When she opened her eyes the hologram had not shut off; he was staring at her like he could see her, and she remembered vividly the coolness of leather and the roughness of his long overcoat under her cheek, the feel of time burning in her veins, the desperation of a kiss after years of separation.

"I don't know where I am right now, Rose," he said in a voice rough with emotion. "But it's a poorer place without you in it."

Then the hologram clicked off, as though he couldn't bear it any longer, and Rose stared down at the console underneath her hands. Her fingers drifted across the blue one for a moment; she had friends in this universe, people she loved, people she would miss desperately. But they would pass out from under her like he had once feared she'd do.

Taking a deep breath, stared at the place where he'd once been, bringing her hand down on the red button.


Behind her, more people were starting to shuffle in. She'd gotten here early, earlier even than the police, and forgone one of the orange plastic seats for the standing room in the back. She didn't turn, not even when other reporters started to file in, not even when someone offered her a coffee. She didn't know what the people around her saw when they glanced at the blank piece of paper pinned to her chest, but it was obviously something impressive enough that a disapproving glance was enough to send most scurrying.

There were reporters setting up cameras, the scooting of chairs, the hush of whispers. The hush grew louder, just as Rose was tracing her fingers along another childish art project – a jellyfish this time – and grew quiet just as quickly.

She knew from the sound that the police were here, that among them, most definitely, would be Detective Inspector Alec Hardy. Knew that he was probably was taking his seat at the front of the room, perhaps waiting patiently while the Chief Superintendent made her introductions. Her heart pounded in her throat as she tried to muster the courage to turn, because it couldn't be him.

If it was him, he'd have run to her by now.

They landed on the beach.

It was a deceptively soft landing, for all the jarring tumble the jump through had been. When she pulled open the doors to reveal rickety wooden walls, the old girl mumbled a soft apology in her mind. She was exhausted, poor love, Rose thought as she watched the lights of the interior flicker out and the old girl drift into sleep. She'd earned a rest.

Even from inside the shack where the TARDIS had tucked herself away, Rose could hear the surf, smell salt on the air. The town, she soon learned, was called Broadchurch – a resort in Dorset, old but not decrepit, beautiful, but not too flash.

She liked it immediately.

With an unlimited credit card and the psychic paper she set herself up at an inn called the Traders', made friendly chit-chat with the owner, who was called Becca. During the first few days she set herself up with new clothes – beachy t-shirts and ripped jeans and a fitted leather jacket, for when the weather was frigid – and on impulse bought a box of dye and coaxed her naturally dark hair back into bleach-blonde in the sink of her hotel room.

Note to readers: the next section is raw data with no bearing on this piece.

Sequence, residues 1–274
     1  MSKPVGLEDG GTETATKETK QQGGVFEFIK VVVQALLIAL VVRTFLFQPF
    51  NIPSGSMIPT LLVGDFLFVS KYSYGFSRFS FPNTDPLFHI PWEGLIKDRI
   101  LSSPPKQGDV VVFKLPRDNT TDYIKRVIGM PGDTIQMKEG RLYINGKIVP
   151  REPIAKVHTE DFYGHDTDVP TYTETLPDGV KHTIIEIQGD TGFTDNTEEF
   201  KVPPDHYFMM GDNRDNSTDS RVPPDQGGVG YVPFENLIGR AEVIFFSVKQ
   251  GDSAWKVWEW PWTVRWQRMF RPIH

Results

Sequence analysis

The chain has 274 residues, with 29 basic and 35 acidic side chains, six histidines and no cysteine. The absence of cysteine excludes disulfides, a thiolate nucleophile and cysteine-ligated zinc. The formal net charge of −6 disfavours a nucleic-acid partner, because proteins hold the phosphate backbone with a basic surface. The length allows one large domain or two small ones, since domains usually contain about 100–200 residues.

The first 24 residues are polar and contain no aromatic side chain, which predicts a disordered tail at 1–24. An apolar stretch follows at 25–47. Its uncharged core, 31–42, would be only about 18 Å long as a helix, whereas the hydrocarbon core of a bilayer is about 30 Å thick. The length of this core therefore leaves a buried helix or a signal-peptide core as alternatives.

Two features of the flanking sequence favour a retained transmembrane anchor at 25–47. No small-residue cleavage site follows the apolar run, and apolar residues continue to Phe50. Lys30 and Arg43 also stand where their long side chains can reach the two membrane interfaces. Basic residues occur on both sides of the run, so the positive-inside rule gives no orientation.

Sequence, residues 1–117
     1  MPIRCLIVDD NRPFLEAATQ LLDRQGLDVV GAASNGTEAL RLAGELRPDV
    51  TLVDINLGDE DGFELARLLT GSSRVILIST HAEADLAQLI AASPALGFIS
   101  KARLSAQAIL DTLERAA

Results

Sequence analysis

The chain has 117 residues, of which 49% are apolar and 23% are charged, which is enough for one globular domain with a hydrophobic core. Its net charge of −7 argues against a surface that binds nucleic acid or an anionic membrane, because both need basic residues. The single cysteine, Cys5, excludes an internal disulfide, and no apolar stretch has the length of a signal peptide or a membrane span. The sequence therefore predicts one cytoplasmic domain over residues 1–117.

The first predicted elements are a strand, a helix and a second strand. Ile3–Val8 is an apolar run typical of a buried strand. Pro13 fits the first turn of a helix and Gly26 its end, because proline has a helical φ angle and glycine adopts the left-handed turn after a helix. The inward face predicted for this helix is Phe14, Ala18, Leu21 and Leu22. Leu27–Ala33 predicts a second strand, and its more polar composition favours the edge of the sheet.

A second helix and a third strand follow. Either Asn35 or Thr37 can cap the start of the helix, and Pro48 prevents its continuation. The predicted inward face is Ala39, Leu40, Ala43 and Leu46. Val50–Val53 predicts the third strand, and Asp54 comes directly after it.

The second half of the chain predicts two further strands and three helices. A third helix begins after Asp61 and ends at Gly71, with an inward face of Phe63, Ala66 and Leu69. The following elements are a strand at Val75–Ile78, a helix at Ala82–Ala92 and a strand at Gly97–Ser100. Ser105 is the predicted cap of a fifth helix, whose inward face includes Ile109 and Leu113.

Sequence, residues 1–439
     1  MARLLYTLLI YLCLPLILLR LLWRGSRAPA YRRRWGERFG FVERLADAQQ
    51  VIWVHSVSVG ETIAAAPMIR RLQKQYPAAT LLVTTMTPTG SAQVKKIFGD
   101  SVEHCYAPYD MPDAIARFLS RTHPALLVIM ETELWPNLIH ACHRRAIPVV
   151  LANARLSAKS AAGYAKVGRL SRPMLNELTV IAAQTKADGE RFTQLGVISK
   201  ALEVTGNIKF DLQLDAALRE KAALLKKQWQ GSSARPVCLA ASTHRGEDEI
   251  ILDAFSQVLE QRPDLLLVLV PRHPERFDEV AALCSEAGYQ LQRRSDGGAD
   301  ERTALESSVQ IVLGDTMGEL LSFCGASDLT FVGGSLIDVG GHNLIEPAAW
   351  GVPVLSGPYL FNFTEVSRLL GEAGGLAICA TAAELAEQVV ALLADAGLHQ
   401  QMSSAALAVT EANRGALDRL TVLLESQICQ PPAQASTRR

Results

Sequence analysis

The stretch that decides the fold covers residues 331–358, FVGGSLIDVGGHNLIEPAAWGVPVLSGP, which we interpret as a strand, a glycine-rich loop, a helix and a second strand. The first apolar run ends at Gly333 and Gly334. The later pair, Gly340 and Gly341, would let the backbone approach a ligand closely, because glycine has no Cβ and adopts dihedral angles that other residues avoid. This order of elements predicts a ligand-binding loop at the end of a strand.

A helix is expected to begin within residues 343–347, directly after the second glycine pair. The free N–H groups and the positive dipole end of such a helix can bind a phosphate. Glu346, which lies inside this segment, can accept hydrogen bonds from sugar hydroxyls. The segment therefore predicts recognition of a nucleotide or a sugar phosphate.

She was feeling much more like Rose Tyler by the third day than she had in a long time, curled up in the plastic booth of a chippy and browsing the internet on her new laptop for signs of the Doctor. It was the year 2012, only a few years after she'd left, but she was coming up empty.

She was feeling so much like Rose Tyler, in fact, that she was starting to grump at the Doctor for not being where he said he'd be.

She told herself she'd know if he'd regenerated. That no matter what face he wore, she'd know it, though as time ticked by she started to examine the light behind every man's eyes – and even a few women – to see if she recognized it.

She'd wonder later if, that day, he was feeling more like the Doctor than he had in a long time, too, because he chose the most unceremonious moment – her with her mouth open and a chip halfway hanging out – to walk by the window of the chippy.

"I am going to hand over now to our senior investigator, DI Alec Hardy."

She still faced the wall, though she was turned so that, just out of the corner of her eye, she could see a skinny man in a suit addressing the small crowd. He was saying things about tragedy, about advice to parents, but she couldn't hear him. All she heard was the echo of a memory.

"Rose, I would like you to meet her Majesty, Queen Victoria, Empress of India and protector of the faith."

"She's a feral child. I bought her for sixpence in old London Town."

"How many prisms has it got? Way too many! But it's…pretty."

The world spun around her; Rose swallowed and caught her balance by laying her hand flat against the wall. Taking a deep breath, she turned her head,

"There will be no hiding place for Danny's killer. We will catch whoever did this."

and looked into the intense eyes of the Doctor, who didn't see her at all.